Lee and Everett, with help from Jack Kirby, brainstormed the character and eventually came up with Matt Murdock, blinded in a radioactive accident, but endowed with hyper senses that allow him to become Daredevil, “the Man Without Fear.” Able to “see” with his radar sense, Murdock is a lawyer by day and a crime-fighting vigilante in his off hours. The original Daredevil’s boomerang was changed to a billy club with a weighted line, which he uses to swing around the city.
The plan was to publish Daredevil #1 in the summer of ’63. However, Everett, who was trying to hold down a day job, fell behind schedule. Lee was forced to come up with an emergency replacement title.
Lee’s solution was to use the company’s existing heroes and pit them against an existing villain. That way, there would be no need for a complicated plot or character development, just straight ahead action. Artistic chores were given to Lee’s favorite collaborator, Jack Kirby. Together they came up with the action plot.
It’s a familiar story to comic book fans: Loki, the Norse god of mischief, tricks the misunderstood Hulk into being the fall guy for a train disaster in an effort to enact revenge on his brother, Thor. When Hulk’s pal, Rick Jones, radios the Fantastic Four for help in clearing the Hulk’s name, Loki diverts the signal to Thor to set up a battle between the two.
However, Iron Man also receives the message, as does scientist Henry Pym and his girlfriend, heiress Janet Van Dyne, better known as Ant-Man and the Wasp. Suffice to say, “Earth’s Mightiest Super-Heroes” eventually figure out that Loki is behind the plot and band together to defeat him. Afterwards, the heroes decide that teaming up is a good thing and dub themselves the Avengers.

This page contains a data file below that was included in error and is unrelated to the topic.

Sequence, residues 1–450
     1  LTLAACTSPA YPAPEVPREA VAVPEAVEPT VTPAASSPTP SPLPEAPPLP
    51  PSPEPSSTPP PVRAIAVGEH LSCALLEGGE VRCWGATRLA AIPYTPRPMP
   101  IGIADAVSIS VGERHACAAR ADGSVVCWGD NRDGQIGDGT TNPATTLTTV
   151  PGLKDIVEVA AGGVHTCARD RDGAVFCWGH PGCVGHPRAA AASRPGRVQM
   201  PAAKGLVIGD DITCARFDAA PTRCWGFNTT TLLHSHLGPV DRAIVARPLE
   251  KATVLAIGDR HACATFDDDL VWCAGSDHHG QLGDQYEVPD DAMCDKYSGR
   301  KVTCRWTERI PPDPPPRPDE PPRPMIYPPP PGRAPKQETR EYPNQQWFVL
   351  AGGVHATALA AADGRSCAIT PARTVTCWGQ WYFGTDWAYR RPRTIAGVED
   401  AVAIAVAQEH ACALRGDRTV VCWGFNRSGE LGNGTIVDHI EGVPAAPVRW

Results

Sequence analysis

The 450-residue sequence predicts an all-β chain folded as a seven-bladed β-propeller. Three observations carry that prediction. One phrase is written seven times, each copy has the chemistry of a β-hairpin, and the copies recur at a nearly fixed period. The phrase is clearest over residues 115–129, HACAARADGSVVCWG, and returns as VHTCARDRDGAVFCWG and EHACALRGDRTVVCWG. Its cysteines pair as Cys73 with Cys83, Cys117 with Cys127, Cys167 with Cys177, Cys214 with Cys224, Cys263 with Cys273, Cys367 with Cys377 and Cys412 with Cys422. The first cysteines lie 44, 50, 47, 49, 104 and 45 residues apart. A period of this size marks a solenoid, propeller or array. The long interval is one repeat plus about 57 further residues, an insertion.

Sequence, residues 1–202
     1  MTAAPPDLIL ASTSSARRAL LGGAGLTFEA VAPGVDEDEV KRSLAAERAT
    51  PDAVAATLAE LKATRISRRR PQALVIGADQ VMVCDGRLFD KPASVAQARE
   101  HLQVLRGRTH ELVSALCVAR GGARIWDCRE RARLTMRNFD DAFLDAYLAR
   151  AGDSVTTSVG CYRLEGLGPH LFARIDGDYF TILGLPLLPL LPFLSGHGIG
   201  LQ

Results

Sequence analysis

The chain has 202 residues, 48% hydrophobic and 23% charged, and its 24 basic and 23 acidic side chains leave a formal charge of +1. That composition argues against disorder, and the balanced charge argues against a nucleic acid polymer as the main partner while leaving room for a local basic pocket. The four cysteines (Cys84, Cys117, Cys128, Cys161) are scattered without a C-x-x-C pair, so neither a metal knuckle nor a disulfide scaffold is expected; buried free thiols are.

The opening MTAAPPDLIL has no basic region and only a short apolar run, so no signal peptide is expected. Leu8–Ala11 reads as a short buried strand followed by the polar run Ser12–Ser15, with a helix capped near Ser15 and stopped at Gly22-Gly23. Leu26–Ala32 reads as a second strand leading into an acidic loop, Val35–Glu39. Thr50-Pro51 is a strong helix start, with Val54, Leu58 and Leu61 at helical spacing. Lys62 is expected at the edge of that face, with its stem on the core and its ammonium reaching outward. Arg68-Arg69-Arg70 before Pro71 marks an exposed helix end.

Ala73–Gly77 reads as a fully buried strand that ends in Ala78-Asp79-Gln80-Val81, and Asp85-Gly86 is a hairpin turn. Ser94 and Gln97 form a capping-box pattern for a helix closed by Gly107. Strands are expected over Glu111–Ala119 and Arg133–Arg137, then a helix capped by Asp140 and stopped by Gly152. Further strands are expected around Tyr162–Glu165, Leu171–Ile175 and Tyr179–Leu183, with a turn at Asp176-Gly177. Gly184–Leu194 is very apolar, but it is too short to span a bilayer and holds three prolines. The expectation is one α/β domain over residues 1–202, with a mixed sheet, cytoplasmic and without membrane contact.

Refitting the Earth’s Mightiest Super-heroes
From the beginning, the Avengers were a mismatched lot. The Huk was a brutish time bomb who could go off at any time. Thor was the God of Thunder, for Pete’s sake, and had a bit of a chip on his shoulder. Tony “Iron Man” Stark was a millionaire industrialist whose golden robotic suit kept his injured heart beating. Compared to the others, Ant-Man and the Wasp must have felt some serious super-hero envy.
Apparently Lee felt it as well. By the time Avengers #2 hits the stands in September (cover date November), Ant-Man has added super growth to his powers and now calls himself Giant-Man. At the end of the story, the unpredictable Hulk quits the team.
Writer/editor Stan Lee decided the Avengers needed some beefing up, so he gave Ant-Man, the star of Tales To Astonish, the power to become a 12-foot giant—a.k.a. Giant-Man—in time for the second issue of the Avengers.
The Avengers has always been about changes, from its earliest issues to today. In Avengers #2 (November 1963), the team’s strongest member, the Hulk, quits.
In Avengers #3 (cover date January 1964), Iron Man has donned a new streamlined red and yellow armor (courtesy of Iron Man fill-in artist Steve Ditko) to help Thor and Giant-Man battle the Hulk and the Sub-Mariner. In Avengers #4, Stan Lee makes history by resurrecting 1940s icon Captain America.
I became an Avengers fan relatively late in the game. After my family moved to Bloomington (a suburb of Minneapolis), Minn., in the summer of 1967, I began riding my bike to a local drugstore to check out the monthly comics. My first Avengers comic was #49, which came out in January 1968. By then the penciler was John Buscema, who remains my favorite Avengers artist. At that time the Avengers line-up included Goliath (the former Giant-Man/Ant-Man), the Wasp, Hercules, Quicksilver, the Scarlet Witch and Hawkeye.